After his release, he made his way to Britain. You might assume he would join the codebreakers at Bletchley Park on Enigma, since their work had built on his. Instead, he was assigned to a unit working on low-level codes; a decision that one former British codebreaker described as "like using racehorses to pull wagons". It's difficult to tell what motivated this apparent injustice -- perhaps a need for security, particularly since the British had developed more advanced techniques than those of Rejewski, and the future of Poland itself was uncertain. It's also possible that the relevant authorities did not know of the Polish contribution to the British work. Most of the few that had known were no longer immediately involved with Bletchley Park.

Regardless, Rejewski deserves to be remembered as one of the "greats" in crypto history.

05 January, 2006

National Cryptologic Museum

Adjacent to the NSA headquarters in Maryland, USA is the National Cryptologic Museum, a museum of cryptology and NSA history open to the public. It's surely second only to Bletchley Park as the ultimate day out for crypto geeks (if geeks had days out, that is).

Regrettably, I've not had chance to visit -- it's a bit of a trek from the UK -- but the next best thing is a superb set of photos posted to Flickr by Austin Mills which document a large proportion of the museum's exhibits. The photos are high enough resolution to be able to read the captions and see the details of the various machines.

01 January, 2006

From the archives: Mercury

I had chance to spend a day at the UK National Archives a couple of weeks ago, and came across a file (AVIA 65/977) discussing cash awards to the designers of Mercury, an on-line cipher machine used by the RAF from 1950 to the 1960s. I wrote up all the information I could glean about this machine in a Wikipedia article.

Mercury embodies a similar principle to the US SIGABA (ECM Mk II) machine: some rotors control the movement of other rotors. It would appear that Mercury was an independent reinvention of the concept, as the ECM was around a decade older. The ECM concept had been kept secret from the UK by the US, and a Combined Cipher Machine (CCM) was used instead for inter-allied communication.

Another feature of Mercury appears to be that of "double rotors". Exactly how this worked wasn't clear from the PRO documents, but one plausible guess is that there were two independent wirings inside each rotor core, and that these wirings could be set in 26 offsets from each other, and optionally reversed. The current would pass once through the "inner" wiring, and then back again through the "outer" wiring. Ordinary Typex rotors had a "double" contact feature used to improve the reliability of the electrical contacts; this could have been pressed into service as a double rotor feature. Each pair of double rotors would, of course, step together.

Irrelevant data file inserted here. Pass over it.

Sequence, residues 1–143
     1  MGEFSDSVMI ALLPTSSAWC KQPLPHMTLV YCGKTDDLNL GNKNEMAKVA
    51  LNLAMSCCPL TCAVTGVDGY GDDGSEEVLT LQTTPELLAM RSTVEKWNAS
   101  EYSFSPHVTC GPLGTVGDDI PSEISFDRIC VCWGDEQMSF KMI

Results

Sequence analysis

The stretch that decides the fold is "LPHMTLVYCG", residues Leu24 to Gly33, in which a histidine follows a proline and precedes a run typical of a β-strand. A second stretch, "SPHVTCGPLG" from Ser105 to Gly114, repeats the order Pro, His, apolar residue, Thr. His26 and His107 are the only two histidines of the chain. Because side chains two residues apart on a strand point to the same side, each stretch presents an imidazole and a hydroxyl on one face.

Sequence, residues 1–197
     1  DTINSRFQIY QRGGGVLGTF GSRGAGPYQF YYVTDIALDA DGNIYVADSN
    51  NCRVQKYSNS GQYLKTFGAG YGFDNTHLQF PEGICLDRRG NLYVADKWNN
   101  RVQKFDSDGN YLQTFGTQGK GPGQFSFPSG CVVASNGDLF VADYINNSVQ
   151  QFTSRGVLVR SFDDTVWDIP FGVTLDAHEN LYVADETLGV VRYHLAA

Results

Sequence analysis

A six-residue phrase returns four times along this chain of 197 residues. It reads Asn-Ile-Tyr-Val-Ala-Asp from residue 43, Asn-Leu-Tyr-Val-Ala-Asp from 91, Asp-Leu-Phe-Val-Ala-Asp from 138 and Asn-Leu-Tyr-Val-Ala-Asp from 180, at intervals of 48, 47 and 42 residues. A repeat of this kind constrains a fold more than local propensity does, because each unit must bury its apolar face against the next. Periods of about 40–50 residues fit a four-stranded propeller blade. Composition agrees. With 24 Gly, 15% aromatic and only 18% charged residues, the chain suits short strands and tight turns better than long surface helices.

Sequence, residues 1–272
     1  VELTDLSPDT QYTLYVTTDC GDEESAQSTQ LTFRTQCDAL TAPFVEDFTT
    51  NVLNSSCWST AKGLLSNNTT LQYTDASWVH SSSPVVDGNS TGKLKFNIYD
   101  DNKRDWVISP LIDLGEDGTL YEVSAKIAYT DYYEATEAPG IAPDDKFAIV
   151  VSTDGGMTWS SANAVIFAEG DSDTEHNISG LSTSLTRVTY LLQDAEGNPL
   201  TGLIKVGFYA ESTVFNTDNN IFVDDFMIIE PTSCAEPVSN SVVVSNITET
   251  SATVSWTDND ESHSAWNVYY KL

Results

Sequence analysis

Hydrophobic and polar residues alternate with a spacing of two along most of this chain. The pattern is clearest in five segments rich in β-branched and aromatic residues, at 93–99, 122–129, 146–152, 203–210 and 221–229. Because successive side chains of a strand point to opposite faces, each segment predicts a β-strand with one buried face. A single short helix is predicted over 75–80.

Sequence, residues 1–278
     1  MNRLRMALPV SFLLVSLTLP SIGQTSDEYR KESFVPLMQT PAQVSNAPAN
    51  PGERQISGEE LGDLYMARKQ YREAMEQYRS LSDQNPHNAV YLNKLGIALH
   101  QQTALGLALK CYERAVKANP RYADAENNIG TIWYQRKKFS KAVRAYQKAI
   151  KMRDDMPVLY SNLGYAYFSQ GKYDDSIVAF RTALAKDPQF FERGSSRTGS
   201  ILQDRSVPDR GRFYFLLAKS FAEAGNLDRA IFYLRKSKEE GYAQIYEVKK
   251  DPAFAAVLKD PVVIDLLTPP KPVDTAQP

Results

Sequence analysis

14 November, 2005

British rotor machine: Singlet (BID/60)

It's fun to see more information on rotor machines entering the public domain. For example, the Swiss NEMA machine was declassified in 1992. More recently, lots of information on the Soviet rotor machine Fialka (M-125) has been published on the Internet. There's even been a loosening of information about the US/NATO KL-7 system.

This year, a British rotor machine named Singlet (BID/60) was put on display at Bletchley Park in the superb Enigma and Friends exhibit put together by David White and John Alexander. There doesn't seem to have been much -- if anything -- written about this machine in the open literature.

The caption at Bletchley Park reads: "Singlet was used mainly by the British intelligence services C. 1949 / 50 onwards. This is a `Cold War' machine using wired rotors to achieve secure messages. We are very grateful to the Foreign and Commonwealth Office and GCHQ for this opportunity to show `Singlet' here at BP."

Singlet has windows and stepping levers for ten rotors. The rotor tube appears to be a detachable section, labelled BID/60/3, while the base unit is labelled BID/60/1. There is a hint of a connection to the KL-7 in this naming. According to George Mace on Jerry Proc's KL-7 page, the KL-7 components were originally labelled as follows: "the base unit was AFSAM 7/1 (aka KLB), rotor stepping unit AFSAM 7/2 (aka
KLA) and rotor basket AFSAM 7/3 (aka KLK)." The rotor tube, stepping levers and the keyboard are also all somewhat suggestive of some sort of link or common ancestry with the KL-7.

Some photos can be found on Wikipedia/Commons: 1, 2, 3, 4 and 5.